So if he was that good, why don't we talking about him in the GOAT debate instead of Jordan, Magic, etc?
1) No Sportscenter in the 1960s
2) The NBA does not, as a rule, promote its stars of the past. The networks who cover the NBA today and telecast NBA games are in the business of promoting today's stars. ABC doesn't have any incentive to tell anyone about how great Oscar Robertson was.
3) Most players today do not TRULY respect the guys who came before them. To 90 percent of them, playing in the NBA is an entitlement. There are a few guys (Lebron James, Kobe Bryant, Shaq, Tim Duncan, among others) who have somewhat of an understanding about the great players who came before them. Everyone in the NBA knows Magic, Bird, Jordan, all the Dream Team guys... but guys like Lebron, Kobe, Shaq, and Duncan know who Willis Reed, Nate Thurmond, Wes Unseld, Dave Cowens, Elvin Hayes, Earl Monroe, Dave Debusschere, Gus Johnson, and guys like that were.
Professional sports leagues today don't have any financial incentive to tell fans how great some player was 30 or 40 years ago. If they thought that they could sell jerseys with old-time players names and numbers on them, it would be a different story. But ABC doesn't make any money talking about Oscar Robertson.
Even ESPN Sportscenter anchors and reporters are just reading stats that other people compile for them. None of them really knows the history of the NBA.
But how good would Oscar Robertson be if he played today?
If the '60s players were stuck with '60s training and nutrition and if their skills and understanding of the rules of the game were not UPDATED to its modern counterparts, then yes, they would certainly underperform.
Otherwise, they would still have the same impact, stats, and legacy, and in some cases like Jerry West and Elgin Baylor, would probably exceed it.
West is a 6'3" guard with the same shirt sleeve length as the 7'1" Wilt Chamberlain. He is also one of the best outside shooter and lockdown defender at guard. Playing with a three-point line, his scoring record would greatly increase.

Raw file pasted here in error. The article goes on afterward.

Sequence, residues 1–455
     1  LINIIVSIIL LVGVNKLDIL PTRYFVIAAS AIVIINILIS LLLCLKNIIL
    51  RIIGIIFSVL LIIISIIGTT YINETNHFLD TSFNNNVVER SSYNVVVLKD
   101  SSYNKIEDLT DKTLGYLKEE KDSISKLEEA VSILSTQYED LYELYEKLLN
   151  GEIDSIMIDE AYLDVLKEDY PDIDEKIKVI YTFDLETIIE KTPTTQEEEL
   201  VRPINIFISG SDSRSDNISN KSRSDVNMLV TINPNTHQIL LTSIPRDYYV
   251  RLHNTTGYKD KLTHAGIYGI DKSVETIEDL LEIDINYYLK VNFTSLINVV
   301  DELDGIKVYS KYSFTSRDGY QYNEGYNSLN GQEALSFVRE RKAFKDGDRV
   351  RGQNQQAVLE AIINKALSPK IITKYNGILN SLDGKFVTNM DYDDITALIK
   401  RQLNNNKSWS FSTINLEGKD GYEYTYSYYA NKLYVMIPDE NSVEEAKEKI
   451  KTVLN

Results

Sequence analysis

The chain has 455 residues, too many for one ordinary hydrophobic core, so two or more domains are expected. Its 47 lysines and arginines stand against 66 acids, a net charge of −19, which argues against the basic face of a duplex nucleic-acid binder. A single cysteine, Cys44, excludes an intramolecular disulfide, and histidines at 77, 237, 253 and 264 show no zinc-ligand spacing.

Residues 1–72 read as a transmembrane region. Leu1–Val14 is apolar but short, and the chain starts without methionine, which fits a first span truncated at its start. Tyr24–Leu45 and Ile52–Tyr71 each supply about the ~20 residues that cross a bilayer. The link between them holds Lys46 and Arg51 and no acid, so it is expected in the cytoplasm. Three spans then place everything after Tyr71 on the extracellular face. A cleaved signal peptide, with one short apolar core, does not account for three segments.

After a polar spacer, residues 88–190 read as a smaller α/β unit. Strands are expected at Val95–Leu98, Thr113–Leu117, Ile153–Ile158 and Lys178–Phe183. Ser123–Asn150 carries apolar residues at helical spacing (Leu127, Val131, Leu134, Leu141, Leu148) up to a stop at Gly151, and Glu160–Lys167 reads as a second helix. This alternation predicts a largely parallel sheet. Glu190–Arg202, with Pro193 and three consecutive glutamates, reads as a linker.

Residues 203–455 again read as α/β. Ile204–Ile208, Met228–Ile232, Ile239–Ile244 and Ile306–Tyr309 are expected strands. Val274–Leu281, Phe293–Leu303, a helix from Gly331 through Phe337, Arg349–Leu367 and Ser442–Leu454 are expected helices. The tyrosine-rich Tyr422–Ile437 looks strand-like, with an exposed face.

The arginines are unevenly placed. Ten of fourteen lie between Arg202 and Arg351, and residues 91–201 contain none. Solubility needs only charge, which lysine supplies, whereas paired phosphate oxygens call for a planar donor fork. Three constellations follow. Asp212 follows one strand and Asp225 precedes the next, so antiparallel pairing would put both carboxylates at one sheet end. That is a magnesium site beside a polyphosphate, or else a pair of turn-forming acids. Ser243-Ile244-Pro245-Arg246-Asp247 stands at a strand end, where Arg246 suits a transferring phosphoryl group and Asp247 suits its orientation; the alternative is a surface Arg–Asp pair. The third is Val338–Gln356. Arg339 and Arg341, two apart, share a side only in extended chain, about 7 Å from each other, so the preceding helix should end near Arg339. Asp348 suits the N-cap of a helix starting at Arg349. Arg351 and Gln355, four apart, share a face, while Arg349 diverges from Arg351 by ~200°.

Baylor's impact was sorely diminished by a knee injury in '64(?). With modern surgery and medicine, these would have been alleviated if not prevented (Modern medicine also would've done wonders to Bill Walton's career).
The style of officiating would also benefit plenty of players. Oscar Robertson's assists record (and everyone of the old timers, in general) would've increased considerably in today's era when assists are loosely awarded. Back then, assists were only counted in catch and shoot situations. The loose officiating on travelling would certainly benefit Earl Monroe and his spin moves. The strict rules on physical play today would decrease the amount rebounds and increase the FG% of the old timers.
Wilt Chamberlain would love the fact that physical dominance is applauded in todays' game and would proceed to showoff just how much of a physical phenom he is. No more holding back for Wilt. In the '60s, people stigmatize him for dunking and bullying his way to the basket. Bill Russell, however, would be irritated with the play ground mentality of today's players with its emphasis on show boating. He would exploit this mentality to his advantage.
Anyway, back to the topic. Do you think that Tyreke is the closest thing to Oscar? That's an honor for EVERYONE who is dubbed as the next Oscar Robertson, imho.